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Category: Celebrating Success
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As the Saskatchewan Arts Board celebrates our 70th anniversary this year, we also celebrate 50 years of supporting artist residencies in the province.

The seeds of the artist-in-residence program were sown a decade earlier, however. The Saskatchewan Arts Board started a craft house in the town of Fort Qu’Appelle in the late 1950s. Folmer Hansen and David Ross became artists-in-residence there, teaching pottery and making their own creations. In 1960, they purchased the building from the Arts Board and created Hansen-Ross Pottery, which operated for 40 years and produced tens of thousands of pieces of pottery. Their work is known around the world for its beautiful design and high quality.

Our first official artist-in-residence program began in 1968, at about the same time as the Arts Board was encouraging the creation of local arts festivals and the establishment of community arts councils. We created a Community Artists program, and the first artist-in-residence, Wayne Morgan, undertook a year’s residency in Weyburn. The program was intended as an incentive grant to assist in establishing permanent, municipally supported artist-in-residence programs throughout the province. Although municipal governments did not respond to the idea, the artist-in-residence program was very successful and well-received in the communities where it was hosted.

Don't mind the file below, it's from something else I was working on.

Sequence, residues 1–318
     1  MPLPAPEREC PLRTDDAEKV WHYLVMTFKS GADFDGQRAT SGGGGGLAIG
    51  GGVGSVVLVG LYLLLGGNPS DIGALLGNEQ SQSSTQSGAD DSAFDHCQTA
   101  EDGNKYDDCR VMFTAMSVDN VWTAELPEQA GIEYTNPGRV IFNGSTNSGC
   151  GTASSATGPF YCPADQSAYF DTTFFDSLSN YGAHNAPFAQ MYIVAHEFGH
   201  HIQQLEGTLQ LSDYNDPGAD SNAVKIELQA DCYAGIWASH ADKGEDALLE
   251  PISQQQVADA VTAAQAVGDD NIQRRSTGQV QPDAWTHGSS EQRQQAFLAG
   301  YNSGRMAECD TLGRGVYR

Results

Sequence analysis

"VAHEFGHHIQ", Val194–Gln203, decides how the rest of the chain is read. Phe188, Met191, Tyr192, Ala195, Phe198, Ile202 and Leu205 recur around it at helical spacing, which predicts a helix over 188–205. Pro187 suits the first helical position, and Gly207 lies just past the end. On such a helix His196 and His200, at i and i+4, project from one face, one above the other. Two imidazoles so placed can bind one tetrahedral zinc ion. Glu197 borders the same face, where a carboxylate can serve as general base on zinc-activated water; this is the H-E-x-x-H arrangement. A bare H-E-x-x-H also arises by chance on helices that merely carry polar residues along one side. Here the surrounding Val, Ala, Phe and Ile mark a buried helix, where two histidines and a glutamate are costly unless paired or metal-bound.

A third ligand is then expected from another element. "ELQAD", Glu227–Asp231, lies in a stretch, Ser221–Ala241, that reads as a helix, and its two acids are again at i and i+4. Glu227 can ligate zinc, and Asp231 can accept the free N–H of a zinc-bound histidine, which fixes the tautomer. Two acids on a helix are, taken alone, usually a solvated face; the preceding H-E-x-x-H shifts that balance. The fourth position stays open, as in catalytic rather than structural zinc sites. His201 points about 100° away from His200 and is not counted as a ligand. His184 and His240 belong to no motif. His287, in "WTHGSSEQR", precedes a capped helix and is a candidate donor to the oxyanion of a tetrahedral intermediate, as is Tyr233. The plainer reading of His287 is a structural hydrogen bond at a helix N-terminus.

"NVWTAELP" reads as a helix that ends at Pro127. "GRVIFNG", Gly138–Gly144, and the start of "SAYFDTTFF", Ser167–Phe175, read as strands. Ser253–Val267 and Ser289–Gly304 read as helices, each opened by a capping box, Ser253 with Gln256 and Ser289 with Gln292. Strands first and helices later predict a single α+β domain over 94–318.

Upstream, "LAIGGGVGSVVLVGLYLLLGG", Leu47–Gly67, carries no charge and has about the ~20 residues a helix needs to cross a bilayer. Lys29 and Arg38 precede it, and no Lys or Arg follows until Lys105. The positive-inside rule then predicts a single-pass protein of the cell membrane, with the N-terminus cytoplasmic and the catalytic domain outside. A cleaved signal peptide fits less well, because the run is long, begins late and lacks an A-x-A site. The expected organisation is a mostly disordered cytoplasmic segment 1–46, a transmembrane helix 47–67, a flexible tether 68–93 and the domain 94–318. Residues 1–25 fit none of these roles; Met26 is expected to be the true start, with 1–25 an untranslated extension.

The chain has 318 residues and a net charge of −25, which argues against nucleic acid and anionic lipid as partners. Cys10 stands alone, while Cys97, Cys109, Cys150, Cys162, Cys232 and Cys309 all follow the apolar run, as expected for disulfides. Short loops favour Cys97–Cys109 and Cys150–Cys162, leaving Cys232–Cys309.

Throughout the years, the program has been known as the Community Arts Consultant, the Resident Artist program, the Artist in Residence program, Creative Partnerships and ArtsSmarts. There are now two programs at the Arts Board that support artists-in-residence: Artists in Communities and Artists in Schools. Both receive funding through SaskCulture from the Saskatchewan Lotteries Trust Fund for Sport, Culture and Recreation, and the Artists in Schools program receives additional funding from the Saskatchewan Ministry of Education.

Artist-in-residence programs have been especially popular in smaller communities. This is a sign of the impact that the arts can have when a committed, professional artist works directly with the community over a period of time. A number of residencies supported by Arts Board grants have spurred the creation of long-term programs and organizations.  

In 1998, artists-in-residence Ward Schell and Jennifer McRorie engaged people at Regina Beach in weekly art workshops and classes, gallery tours, community events and fundraisers. The activities were hugely popular, with up to 40 people attending art appreciation classes each week and a sold-out crowd of 350 people at the first fundraiser. During the second year of the residency, community members recognized that they wanted the activities to continue after the official residency was complete. The community pulled together to create the Last Mountain Lake Cultural Centre. Today, the centre hosts musical performances, dance and yoga classes, studio art classes, touring art shows and gallery shows.